Local start-up entrepreneur Ko Min Zeya Phyo didn’t plan on entering the competition which won his company the chance at more than S$2 million. Now the Code2LAB founder – not by nature a PR man – has found himself in a surprising place: in front of the camera.
Last year, restaurant management platform provider Code2LAB won a Yangon start-up bootcamp put on by Lithan University College, earning Ko Min Zeya Phyo US$2000 and a spot on Channel NewsAsia’s second season of Start-UP, a Singapore-based reality television show which aired its first episode last week. The entrepreneur has survived the cut to eight finalists, and is in the midst of filming episodes that see Code2LAB and fellow ventures face challenges and try to crowd-fund their start-ups.
Ko Min Zeya grew up in Myanmar and at age nine moved to Singapore for more than two decades. However, his thoughts frequently wandered home. “The strange thing is that all the time I’m there, I have the urge to come back here,” he told The Myanmar Times from his office in 6-Mile.
He worked in a relatively autonomous department of a large company in Singapore. When his department decided not to launch the product they’d been working on, he found that corporate life no longer suited him. The timing lined up with some important developments in his home country. “With Myanmar opening up, I decided maybe I should give it a try here,” he said.
Code2LAB had earlier aimed to tackle tourism but found they were too close to the bleeding edge to succeed in Myanmar. Ko Min Zeya Phyo turned his attention to a major issue plaguing restaurants here: human resources. A local restaurant, Shwe Palin, told the start-up founder of difficulties like staff training and turnover. “They have 101 problems that I thought could be solved easily,” Ko Min Zeya Phyo said.
He said the company started when it deployed its flagship product, a restaurant management system run on tablets called SmartSales, for Shwe Palin – its first customer. With SmartSales, waiters take orders on the floor and then send them to the kitchen and cashier at the same time, he explained. The result: fewer man-hours spent on orders, benefits for waiters that didn’t have to pay for mistakes and better customer service, according to Ko Min Zeya Phyo.
The company took its product to Lithan University College’s StartUp bootcamp last year. Ko Min Zeya Phyo only threw his hat in the ring after a friend and fellow start-up founder pushed him to apply.
Red Dot Ventures founder and managing director Leslie Loh, who will judge companies on Start-UP and also acts as chair at Lithan Education, said Code2LAB proceeded on from the bootcamp to the show because of its team and solution.
“It’s a combination of capable management and having a product that is right for a specific marketplace,” he said.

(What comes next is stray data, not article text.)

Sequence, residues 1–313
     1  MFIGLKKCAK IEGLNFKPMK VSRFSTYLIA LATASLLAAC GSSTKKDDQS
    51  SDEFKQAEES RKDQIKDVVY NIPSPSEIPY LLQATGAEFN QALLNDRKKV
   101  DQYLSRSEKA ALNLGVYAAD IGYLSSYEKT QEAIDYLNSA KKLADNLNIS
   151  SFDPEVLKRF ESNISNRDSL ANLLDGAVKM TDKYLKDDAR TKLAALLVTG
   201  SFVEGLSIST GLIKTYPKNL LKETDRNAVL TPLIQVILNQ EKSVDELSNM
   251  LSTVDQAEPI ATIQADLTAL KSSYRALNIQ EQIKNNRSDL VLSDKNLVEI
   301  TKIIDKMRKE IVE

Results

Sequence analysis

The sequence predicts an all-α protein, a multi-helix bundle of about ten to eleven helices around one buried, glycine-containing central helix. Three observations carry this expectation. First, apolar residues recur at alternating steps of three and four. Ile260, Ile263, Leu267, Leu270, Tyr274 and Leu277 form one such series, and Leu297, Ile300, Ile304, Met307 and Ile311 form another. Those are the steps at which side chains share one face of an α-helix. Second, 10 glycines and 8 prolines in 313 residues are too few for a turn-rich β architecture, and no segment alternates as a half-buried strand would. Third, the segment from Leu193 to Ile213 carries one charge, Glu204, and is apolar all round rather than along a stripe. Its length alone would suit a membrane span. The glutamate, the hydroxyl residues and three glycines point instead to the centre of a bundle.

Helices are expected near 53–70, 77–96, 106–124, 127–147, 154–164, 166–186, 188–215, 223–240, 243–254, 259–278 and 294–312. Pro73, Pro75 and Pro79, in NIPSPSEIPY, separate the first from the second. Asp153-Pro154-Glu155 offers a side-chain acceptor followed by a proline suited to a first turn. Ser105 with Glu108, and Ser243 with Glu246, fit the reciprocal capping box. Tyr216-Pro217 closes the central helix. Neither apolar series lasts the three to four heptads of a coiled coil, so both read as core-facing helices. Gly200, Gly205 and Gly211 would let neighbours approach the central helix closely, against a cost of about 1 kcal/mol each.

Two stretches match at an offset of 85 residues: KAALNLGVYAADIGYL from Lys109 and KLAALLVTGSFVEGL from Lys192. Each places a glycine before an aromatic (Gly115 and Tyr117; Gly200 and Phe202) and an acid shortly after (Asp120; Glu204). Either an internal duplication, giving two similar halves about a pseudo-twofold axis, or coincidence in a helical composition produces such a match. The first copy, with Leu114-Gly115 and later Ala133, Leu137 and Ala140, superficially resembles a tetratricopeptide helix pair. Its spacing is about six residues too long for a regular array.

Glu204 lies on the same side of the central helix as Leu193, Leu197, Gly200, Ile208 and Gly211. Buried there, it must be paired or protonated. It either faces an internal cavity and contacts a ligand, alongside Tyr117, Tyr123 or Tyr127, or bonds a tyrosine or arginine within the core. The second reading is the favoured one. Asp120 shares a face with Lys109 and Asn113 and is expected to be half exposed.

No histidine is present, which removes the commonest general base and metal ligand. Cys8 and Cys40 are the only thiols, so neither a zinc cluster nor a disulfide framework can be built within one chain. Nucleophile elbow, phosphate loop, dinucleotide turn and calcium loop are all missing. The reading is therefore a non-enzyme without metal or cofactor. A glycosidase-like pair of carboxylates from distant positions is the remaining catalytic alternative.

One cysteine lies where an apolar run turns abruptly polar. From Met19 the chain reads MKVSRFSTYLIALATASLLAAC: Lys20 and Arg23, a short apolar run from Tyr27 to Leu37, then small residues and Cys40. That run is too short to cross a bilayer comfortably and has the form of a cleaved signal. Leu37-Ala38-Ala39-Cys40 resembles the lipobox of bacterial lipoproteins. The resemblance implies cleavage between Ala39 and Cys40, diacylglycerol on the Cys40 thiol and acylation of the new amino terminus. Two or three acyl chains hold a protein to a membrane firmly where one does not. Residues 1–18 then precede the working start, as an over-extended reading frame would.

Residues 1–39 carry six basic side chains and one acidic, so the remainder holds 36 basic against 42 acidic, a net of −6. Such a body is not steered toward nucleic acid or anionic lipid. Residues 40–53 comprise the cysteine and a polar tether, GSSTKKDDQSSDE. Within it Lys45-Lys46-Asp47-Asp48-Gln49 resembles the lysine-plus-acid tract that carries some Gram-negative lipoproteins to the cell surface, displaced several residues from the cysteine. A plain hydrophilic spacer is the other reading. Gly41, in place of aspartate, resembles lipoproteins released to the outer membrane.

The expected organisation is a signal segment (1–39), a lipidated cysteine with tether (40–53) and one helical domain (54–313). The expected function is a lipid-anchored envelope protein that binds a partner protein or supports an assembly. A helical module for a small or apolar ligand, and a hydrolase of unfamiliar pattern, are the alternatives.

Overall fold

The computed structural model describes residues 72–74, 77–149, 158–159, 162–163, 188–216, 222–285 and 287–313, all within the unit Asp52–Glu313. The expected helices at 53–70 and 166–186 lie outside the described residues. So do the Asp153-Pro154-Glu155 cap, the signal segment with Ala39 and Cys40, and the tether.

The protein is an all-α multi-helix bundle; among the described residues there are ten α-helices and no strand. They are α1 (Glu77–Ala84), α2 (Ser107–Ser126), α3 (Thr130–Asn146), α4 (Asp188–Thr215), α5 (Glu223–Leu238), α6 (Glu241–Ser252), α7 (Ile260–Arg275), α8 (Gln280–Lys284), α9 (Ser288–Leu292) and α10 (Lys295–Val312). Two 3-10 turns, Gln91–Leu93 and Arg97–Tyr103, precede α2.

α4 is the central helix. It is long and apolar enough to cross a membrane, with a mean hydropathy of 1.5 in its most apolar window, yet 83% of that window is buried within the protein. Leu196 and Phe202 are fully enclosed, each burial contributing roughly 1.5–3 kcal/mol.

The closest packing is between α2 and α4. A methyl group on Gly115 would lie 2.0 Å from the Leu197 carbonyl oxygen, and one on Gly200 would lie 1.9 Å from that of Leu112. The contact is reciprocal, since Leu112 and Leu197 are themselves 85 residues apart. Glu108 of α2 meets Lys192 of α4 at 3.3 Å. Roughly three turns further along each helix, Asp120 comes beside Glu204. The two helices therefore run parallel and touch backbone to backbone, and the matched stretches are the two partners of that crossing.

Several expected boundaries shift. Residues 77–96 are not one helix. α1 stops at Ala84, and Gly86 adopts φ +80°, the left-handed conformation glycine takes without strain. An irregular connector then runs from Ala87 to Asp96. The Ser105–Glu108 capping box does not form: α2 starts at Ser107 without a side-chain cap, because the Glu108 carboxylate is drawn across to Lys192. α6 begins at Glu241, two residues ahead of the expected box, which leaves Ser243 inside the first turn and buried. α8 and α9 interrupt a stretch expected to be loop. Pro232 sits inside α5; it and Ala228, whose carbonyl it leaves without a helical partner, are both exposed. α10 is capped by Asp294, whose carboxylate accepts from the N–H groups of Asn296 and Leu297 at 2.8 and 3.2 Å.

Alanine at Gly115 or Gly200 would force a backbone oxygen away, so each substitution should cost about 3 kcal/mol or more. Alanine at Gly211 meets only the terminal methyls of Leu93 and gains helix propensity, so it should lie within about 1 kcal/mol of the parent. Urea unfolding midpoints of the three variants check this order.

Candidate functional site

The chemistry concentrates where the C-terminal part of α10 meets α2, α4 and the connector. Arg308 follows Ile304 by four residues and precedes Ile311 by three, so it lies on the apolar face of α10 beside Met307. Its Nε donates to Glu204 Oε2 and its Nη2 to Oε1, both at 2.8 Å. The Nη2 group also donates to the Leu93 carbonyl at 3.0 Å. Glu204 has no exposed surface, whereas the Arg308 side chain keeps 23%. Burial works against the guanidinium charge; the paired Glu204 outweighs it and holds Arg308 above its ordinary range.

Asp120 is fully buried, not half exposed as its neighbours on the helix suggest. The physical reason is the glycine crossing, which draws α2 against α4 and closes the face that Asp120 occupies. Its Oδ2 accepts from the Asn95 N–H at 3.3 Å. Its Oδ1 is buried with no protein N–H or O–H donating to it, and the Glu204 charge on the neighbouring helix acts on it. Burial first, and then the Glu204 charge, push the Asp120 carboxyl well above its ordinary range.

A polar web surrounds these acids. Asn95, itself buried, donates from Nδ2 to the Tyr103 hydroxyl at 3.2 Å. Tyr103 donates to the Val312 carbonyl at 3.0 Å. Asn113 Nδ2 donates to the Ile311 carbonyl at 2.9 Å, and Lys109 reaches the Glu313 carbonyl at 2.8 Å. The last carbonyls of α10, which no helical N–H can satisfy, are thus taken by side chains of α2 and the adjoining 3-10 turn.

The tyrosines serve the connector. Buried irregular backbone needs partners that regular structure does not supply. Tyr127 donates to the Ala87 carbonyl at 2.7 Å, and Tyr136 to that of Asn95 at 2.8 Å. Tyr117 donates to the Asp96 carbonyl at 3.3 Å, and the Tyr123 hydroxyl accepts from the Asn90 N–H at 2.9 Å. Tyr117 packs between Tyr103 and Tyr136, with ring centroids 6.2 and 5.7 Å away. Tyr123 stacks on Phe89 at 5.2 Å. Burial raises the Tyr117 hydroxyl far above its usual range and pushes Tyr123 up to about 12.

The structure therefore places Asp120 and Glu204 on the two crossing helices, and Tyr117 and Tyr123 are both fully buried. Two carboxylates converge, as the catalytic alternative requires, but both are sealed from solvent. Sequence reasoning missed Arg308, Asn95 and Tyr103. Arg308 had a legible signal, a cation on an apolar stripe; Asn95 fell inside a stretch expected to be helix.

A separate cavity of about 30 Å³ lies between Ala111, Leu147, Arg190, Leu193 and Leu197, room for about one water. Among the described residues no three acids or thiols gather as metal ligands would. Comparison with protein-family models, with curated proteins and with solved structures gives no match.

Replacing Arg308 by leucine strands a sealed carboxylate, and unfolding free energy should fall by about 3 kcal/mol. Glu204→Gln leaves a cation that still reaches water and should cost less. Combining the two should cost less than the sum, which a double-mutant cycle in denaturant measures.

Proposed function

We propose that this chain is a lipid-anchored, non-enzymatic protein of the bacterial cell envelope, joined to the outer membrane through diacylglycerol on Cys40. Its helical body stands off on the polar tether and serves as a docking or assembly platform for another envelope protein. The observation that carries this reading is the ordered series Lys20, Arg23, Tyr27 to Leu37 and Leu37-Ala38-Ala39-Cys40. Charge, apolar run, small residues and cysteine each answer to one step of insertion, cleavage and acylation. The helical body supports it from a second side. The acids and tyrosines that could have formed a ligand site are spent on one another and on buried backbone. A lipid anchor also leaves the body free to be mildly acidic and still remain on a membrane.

Ko Min Zeya Phyo echoed this sentiment. “When the [startup bootcamp] was held, I think I had the right product that actually solved problems for local businesses,” he said. “I was able to present a good story to the judges.”
Code2LAB’s narrative encompasses what makes make Myanmar a unique – and uniquely challenging – environment. For example, the company’s product had to work in the face of blackouts with the potential to stop the system in its tracks.
“In the whole process of building this product, we’ve become so adaptive to the environment,” he said. “We’ve actually implemented a closed network GPS system so that every device that is connected is all battery-powered and we can run for hours.”
Ko Min Zeya said he has changed as a result of Code2LAB. The company originally had three founders; now he heads it up alone. With his technical background, he says speaking up might have made him nervous two years ago. And he has faced personal challenges – his family, including his 5-year-old child, remains in Singapore, and the distance can be wearing.
“Whatever I’m doing I have to make sure that it’s justified for being here,” he said. “When I left Singapore … I gave up everything and came back here in the hope it would be something that’s meaningful – as a milestone in my life at the same time, look – Myanmar is opening up – I did something for the community as well.”
The show can illuminate a budding scene that has been cordoned off for so long.
“In a way it will help local startup community as well,” Ko Min Zeya Phyo said. “The whole startup ecosystem has been trying to bring the standard up … we want to tell the world that look, there is potential here. There’s a market for start-ups as well. We want to bring in incubators, accelerators, investors.”
Though the founder has mostly kept Code2LAB bootstrapped, the company has received two rounds of funding. One saw an investment of US$100,000 for 10 percent equity, thereby valuing the company at $1 million.
While SmartSales took it to Start-UP, the company is working on a second cloud-based iteration which will feature a marketplace for customers, a scorecard for restaurants, and a new Software-as-a-Service subscription business model meant to cater to companies as they develop.
With more than 30 clients, Code2LAB earns revenue – about US$120,000 inside its first year, Ko Min Zeya Phyo said. Though its near-greenfield home market means the company will face less competition, Ko Min Zeya Phyo also says the firm has the potential to succeed in more than Myanmar.
More than one company can succeed on the Singapore show, as judges can choose to divide the S$2 million among at most four entrepreneurs that wish to accept terms of investment. Funds won on the program could provide fuel for the new product, according to Ko Min Zeya Phyo.
In the meantime, he’s having some friends over to watch the first episode of Start-UP. With it, Ko Min Zeya Phyo has made major moves into the spotlight of the regional stage, bringing Myanmar along with him.
Source: MYANMAR TIMES